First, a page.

Should You Handcuff in Fantasy Football? (2020)
The handcuff running back debate rages every off-season, as managers weigh the opportunity costs of holding roster spots for insurance players they hope never see the field.
On one side of the debate, there’s comfort in knowing if an RB1 such as Dalvin Cook goes down, Alexander Mattison will likely step into the role and produce like a starter. That level of stand-in production isn’t typically found playing waiver wire roulette.
There’s much less comfort, however, if your RB1 is Christian McCaffrey, and your in-house insurance policy is Reggie Bonnafon, who’s never had more than five carries in one game at the NFL level. Would it be better to stash a late-round, high-upside receiver in that roster spot instead?
With innumerable variables to consider, including the fantasy implications of the COVID-19 pandemic, I’m going to avoid identifying a silver-bullet solution to the running back handcuff equation for 2020. Instead, I’ll evaluate the insurance policies of each of the top-10 running backs in FantasyPros’ PPR Expert Consensus Rankings and determine which players are worth handcuffing in 2020.
For a breakdown of handcuff draft value, check out FantasyPros’ Running Back Handcuff Report.
Christian McCaffrey (RB – CAR)
As mentioned in the intro of this piece, McCaffrey’s backup is Reggie Bonnafon, a 2018 undrafted free agent who has the lowest expert consensus ranking of any running back handcuff in the NFL. If you decided to take Bonnafon in a 12-team fantasy draft, you’d likely be selecting him in one of the last three rounds between pick 168 and 192.
Even if you drafted a defense or kicker early and selected Bonnafon as Mr. Irrelevant (assuming McCaffrey went first overall), you’d potentially be picking him over high-upside guys such as Allen Lazard and Corey Davis, both of whom figure to have prominent roles in their offenses next season.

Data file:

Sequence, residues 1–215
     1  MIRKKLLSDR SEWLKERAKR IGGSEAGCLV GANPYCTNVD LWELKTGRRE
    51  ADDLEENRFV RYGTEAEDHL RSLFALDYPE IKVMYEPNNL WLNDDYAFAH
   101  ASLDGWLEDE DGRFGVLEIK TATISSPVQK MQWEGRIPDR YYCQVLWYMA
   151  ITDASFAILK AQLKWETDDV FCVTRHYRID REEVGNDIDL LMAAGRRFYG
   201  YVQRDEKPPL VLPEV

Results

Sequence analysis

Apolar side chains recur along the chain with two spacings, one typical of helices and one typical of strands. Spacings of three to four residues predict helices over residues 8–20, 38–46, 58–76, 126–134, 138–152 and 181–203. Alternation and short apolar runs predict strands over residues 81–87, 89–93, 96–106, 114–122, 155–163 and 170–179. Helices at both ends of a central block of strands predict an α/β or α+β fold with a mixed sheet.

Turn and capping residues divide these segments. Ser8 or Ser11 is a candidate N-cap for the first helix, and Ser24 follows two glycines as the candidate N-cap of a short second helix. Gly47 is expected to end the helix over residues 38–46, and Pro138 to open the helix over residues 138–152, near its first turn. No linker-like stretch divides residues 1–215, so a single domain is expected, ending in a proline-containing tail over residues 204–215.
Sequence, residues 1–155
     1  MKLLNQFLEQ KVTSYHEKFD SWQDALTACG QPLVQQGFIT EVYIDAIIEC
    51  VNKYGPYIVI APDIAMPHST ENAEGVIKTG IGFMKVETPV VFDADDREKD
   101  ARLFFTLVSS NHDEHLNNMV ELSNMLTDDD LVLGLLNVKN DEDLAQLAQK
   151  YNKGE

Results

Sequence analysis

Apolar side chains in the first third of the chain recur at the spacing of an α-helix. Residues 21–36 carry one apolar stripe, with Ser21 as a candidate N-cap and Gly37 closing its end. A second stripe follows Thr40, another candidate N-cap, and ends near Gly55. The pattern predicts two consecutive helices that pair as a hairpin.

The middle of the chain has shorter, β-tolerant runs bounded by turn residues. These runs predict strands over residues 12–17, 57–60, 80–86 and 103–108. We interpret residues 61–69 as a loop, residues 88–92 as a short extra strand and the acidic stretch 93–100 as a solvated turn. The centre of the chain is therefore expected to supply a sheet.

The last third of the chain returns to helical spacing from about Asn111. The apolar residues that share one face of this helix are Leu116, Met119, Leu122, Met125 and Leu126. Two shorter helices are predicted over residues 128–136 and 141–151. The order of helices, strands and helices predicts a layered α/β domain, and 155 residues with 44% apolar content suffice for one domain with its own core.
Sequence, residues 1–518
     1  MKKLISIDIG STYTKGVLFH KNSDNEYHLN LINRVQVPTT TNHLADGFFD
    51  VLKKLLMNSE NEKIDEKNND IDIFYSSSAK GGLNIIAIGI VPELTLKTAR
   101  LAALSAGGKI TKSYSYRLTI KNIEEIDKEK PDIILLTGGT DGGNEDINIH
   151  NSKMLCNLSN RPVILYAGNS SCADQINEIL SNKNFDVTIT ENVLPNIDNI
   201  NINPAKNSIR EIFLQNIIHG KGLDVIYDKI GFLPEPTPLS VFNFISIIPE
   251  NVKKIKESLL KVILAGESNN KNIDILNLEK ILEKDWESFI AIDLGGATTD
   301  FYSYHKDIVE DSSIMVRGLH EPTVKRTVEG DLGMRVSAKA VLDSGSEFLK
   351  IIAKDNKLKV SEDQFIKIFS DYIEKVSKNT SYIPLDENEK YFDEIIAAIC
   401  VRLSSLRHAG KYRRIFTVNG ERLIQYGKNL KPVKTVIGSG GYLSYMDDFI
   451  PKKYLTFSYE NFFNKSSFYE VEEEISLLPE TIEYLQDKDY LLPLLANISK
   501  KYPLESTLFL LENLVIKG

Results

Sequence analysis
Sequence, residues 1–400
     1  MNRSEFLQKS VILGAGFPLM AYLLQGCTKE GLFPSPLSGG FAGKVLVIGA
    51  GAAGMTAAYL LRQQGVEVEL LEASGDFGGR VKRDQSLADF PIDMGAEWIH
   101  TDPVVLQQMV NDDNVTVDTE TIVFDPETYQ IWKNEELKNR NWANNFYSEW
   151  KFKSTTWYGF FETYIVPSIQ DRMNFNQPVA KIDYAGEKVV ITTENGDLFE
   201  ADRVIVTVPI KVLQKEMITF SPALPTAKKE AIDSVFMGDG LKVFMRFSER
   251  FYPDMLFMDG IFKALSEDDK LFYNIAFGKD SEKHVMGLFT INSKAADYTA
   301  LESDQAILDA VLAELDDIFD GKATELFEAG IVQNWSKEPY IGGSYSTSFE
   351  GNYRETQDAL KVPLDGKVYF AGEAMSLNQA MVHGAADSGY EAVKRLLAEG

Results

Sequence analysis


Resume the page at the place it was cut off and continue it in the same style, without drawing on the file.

Verdict: Don’t handcuff, there are better draft options available.
Barkley missed three games with a high-ankle sprain last season, and his fantasy managers had a collective conniption. Wayne Gallman initially seemed useful in Barkley’s absence, notching 27.8 PPR points in a Week 4 start. But when Gallman left the Giants’ Week 5 contest early with a concussion, the duo of Elijhaa Penny and Jonathan Hilliman did little to inspire confidence at the position, scoring a combined 6.8 PPR points.
Verdict: Don’t handcuff. Gallman and newcomer Dion Lewis would likely split touches in Barkley’s absence, limiting the position’s upside.
Elliott was expected to miss the early part of last season to a contract holdout, in which case fourth-round rookie Tony Pollard would’ve handled the rushing duties for Dallas. Although that scenario didn’t come to fruition, Pollard still averaged 5.3 yards per carry on the season and flashed enough ability to inspire confidence in his potential as the team’s lead backup. With how much Dallas relies on its running game behind one of the league’s top offensive lines, there’s a good chance Pollard could stand in for Zeke and put up RB2 numbers, making him worth drafting at his 12th round ADP.
Verdict: Handcuff, but note that Elliott has only missed one game over the past two seasons.
Many experts view Latavius Murray as one of the best handcuffs in fantasy, and I tend to agree with them. Beyond his standalone value, scouts view Murray as a true three-down back who could start for several teams in the NFL. With a 10th-round price tag, he’s worth investing in as an insurance policy, especially since he’s a proven commodity.